‘Seaspiracy’: 8 Major Takeaways About the Fishing Industry From the Netflix Doc

Sophie Hirsh - Author

Mar. 29 2021, Updated 4:58 p.m. ET

Seaspiracy facts
Source: Seaspiracy. Courtesy of Netflix © 2021

The new environmental documentary Seaspiracy just hit Netflix on March 24, 2021, and it's already made the streaming platform’s Top Ten lists in dozens of countries. The film exposes various environmental and human rights injustices in the fishing industry, including shocking and devastating accounts of animal abuse, environmental destruction, slave labor, and even murder. 

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Worldwide, Seaspiracy is waking viewers up to the fishing industry, and sending a shocking message: sustainable seafood is a scam, we are destroying our oceans, and we need to do something about it.

There’s so much to learn from the bone-chilling, must-watch documentary — and it’s such an important watch for anyone who cares about marine life, the ocean, or human rights. Here are eight of the biggest facts to take away from Netflix’s Seaspiracy.

seaspiracy facts
Source: Netflix
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Bycatch is responsible for killing numerous whales, dolphins, and other sea animals.

Bycatch is defined as non-target marine catch who are left dead or dying as a result of the fishing industry. According to Seaspiracy, more than 300,000 whales and dolphins are killed each year as bycatch; 30,000 sharks are killed every hour; and 250,000 sea turtles are injured or killed (in the U.S. alone). Not to mention, there are many other animals killed as bycatch, including non-target fish that are too small, sea birds, and other animals. 

Basically, when consumers eat one fish, they are not just responsible for the life of that one fish, but also the life of many other marine animals.

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The Dolphin Safe label doesn’t mean anything.

tuna in net seaspiracy
Source: Courtesy of Artgrid

Tuna caught in a net.

Many consumers look for the Dolphin Safe label when shopping for tuna — but according to the documentary, the label isn’t much more than a marketing strategy. A former Dolphin Safe employee interviewed in the film said that he left his well-paying position there because he discovered the scheme to be a “fraud.”

Even Mark J. Palmer, who currently works for Earth Island Institute and its Dolphin Safe tuna label, was unable to guarantee that Dolphin Safe tuna is truly dolphin-safe. “Once you’re out there in the ocean, how do you know what they’re doing?” he said in Seaspiracy, acknowledging that the observers on fishing boats are rarely present, and that when they are, they can be bribed.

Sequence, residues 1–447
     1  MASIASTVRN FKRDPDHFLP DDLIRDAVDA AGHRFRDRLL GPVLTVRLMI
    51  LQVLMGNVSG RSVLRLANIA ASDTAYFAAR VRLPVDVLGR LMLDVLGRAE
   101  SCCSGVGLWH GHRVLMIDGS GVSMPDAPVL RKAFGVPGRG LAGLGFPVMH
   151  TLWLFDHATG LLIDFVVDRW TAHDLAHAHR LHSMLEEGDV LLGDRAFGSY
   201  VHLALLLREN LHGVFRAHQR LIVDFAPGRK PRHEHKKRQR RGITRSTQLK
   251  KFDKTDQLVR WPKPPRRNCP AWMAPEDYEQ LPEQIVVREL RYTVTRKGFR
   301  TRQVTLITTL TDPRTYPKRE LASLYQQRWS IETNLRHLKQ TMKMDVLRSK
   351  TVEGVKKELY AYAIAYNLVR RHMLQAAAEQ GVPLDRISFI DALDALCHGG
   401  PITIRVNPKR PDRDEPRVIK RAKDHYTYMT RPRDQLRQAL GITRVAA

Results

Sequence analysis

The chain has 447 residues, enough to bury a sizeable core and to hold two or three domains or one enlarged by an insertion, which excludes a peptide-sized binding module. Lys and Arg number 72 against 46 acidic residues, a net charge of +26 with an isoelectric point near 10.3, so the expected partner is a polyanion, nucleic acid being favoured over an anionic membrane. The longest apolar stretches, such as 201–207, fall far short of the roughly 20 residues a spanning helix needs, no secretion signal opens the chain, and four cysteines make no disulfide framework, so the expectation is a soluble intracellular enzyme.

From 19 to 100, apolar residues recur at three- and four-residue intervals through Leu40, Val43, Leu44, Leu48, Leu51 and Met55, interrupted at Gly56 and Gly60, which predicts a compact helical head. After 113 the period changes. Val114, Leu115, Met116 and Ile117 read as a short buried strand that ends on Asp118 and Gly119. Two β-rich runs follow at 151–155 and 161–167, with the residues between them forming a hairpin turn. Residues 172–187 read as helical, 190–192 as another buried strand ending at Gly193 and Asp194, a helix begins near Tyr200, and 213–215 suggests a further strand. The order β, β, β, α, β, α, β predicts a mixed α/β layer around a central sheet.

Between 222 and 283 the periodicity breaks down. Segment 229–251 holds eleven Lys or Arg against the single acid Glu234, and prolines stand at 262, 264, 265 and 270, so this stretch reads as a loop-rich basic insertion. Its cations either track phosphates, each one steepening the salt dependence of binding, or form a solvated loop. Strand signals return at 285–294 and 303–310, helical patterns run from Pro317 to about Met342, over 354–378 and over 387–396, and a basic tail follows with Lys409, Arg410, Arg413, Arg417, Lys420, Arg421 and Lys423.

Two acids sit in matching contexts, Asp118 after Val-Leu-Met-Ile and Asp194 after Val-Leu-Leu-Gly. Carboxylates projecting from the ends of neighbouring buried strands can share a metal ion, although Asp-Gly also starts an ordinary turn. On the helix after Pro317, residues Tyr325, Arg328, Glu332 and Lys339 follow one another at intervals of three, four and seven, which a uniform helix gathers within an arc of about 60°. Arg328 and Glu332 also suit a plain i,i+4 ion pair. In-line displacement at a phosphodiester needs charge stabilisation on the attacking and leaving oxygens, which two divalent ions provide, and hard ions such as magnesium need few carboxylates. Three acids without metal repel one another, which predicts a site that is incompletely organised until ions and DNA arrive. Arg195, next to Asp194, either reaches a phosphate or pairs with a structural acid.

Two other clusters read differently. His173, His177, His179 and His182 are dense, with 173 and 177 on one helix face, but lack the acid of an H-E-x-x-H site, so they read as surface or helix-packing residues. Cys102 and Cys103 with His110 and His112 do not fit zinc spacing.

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And one representative for Sea Shepherd, an organization that holds direct action campaigns to protect marine wildlife, recalled catching one fishing vessel that was working for Dolphin Safe canned tuna, that killed 45 dolphins to catch just eight tuna fish.

Fishing gear makes up most of plastic pollution.

As explained in the film, most of the conversation around ocean plastic tends to surround items like straws, plastic bags, and cotton buds — but in reality, about 46 percent of plastic in the Great Pacific Garbage Patch is discarded fishing nets, and most of the remainder is other fishing gear. 

Additionally, every single day, the fishing industry uses enough fishing line to wrap around the Earth 500 times. And fishing nets and lines are “far more dangerous to marine life than our plastic straws. Because, of course, they’re designed to kill,” author and journalist George Monbiot said in Seaspiracy.

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We are destroying our oceans.

shark fin seaspiracy
Source: Courtesy of Lucy Tabrizi

Not only is fishing gear contributing to plastic pollution and the death of marine life, but fishing is also hurting ocean ecosystems. For example, bottom trawling (dragging nets — nets that are big enough to envelop 13 jumbo jet planes —  along the ocean floor to catch fish) deforests about 3.9 billion acres of seafloor annually. That’s the equivalent of deforesting 4,316 soccer fields every minute.